This was the third story on gold that the Financial Times had yesterday. As we said in "The Financial Times Sings Praise of Gold. They're wrong.", we disagree with the macro thesis.
Over the years I've wondered about the role of financial journalism in promoting various investment themes. I've known writers who thought nothing of front-running a story. I've known others who wrote puff-pieces to maintain access (or in one case, a pathetic attempt to seduce a corporate officer). I've heard investment types who were convinced that the media were willing participants in a product-pushing Wall Street cabal.
For the most part financial journalists are reasonably intelligent, underpaid folks, susceptible to the herd mentality that all of us are. Being a bit more gregarious than average, they tend to talk about what people are talking about, which in the investment world is often (though not always) tardy. The pros resist this temptation and tend to be a bit more lone-wolfish.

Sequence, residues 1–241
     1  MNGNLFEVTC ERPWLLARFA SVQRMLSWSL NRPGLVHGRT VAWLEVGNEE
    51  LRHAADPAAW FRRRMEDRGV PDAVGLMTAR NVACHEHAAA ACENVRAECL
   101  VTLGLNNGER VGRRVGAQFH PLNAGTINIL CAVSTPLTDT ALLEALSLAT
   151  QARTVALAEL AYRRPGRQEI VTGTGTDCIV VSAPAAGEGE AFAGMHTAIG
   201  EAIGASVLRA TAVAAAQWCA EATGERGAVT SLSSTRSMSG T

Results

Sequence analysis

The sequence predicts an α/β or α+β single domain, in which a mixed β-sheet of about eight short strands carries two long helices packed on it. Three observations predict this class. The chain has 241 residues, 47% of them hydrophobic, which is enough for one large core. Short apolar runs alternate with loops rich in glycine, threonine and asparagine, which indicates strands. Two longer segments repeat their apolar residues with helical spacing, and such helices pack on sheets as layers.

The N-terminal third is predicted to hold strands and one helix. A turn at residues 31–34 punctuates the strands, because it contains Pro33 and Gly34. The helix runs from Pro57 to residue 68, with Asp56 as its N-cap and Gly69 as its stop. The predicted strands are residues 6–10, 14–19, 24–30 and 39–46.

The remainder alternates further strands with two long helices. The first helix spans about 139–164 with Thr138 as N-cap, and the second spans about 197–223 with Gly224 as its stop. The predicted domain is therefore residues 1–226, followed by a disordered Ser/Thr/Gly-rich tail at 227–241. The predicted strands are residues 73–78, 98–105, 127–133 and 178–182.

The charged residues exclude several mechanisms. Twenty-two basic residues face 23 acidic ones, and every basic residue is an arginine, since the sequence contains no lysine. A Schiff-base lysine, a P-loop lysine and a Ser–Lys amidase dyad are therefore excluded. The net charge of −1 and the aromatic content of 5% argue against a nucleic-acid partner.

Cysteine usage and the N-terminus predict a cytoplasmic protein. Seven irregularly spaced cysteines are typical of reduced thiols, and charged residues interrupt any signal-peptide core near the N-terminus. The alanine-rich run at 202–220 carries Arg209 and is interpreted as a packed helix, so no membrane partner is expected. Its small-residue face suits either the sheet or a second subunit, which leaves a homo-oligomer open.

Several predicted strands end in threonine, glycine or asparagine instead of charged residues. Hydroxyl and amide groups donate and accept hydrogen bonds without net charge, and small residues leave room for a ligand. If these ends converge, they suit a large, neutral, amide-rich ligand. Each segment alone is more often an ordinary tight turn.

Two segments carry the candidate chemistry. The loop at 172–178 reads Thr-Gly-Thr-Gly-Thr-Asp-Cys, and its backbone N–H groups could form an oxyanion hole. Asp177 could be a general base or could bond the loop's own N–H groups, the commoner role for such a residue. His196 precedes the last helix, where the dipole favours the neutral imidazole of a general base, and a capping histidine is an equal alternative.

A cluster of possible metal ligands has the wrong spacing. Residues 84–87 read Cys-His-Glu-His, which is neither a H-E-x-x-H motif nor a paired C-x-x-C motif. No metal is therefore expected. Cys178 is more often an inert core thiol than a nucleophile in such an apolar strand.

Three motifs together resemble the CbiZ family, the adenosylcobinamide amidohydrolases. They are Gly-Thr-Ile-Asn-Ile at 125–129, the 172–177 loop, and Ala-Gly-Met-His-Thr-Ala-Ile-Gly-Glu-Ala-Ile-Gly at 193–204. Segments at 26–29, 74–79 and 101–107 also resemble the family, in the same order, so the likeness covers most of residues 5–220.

This long intro was precipitated by a conversation last weekend about the lack of coverage of gold when it bottomed at $252 in 2001, ending a twenty-one year bear market. So I took note yesterday when one of the best organizations in the business has three stories in one day. From the Financial Times:
Investors in gold are demanding “unprecedented” amounts of bullion bars and coins and moving them into their own vaults as fears about the health of the global financial system deepen.
Industry executives and bankers at the London Bullion Market Association annual meeting said the extent of the move into physical gold was unseen and driven by the very rich.
“There is an enormous pick-up in investment demand. I have never seen a market like this in my 33-year career,” said Jeremy Charles, chairman of the LBMA. “The gold refineries cannot produce enough bars.”
The move comes as fears grow among investors over the losses at investment vehicles previously considered almost risk-free, such as money funds....MORE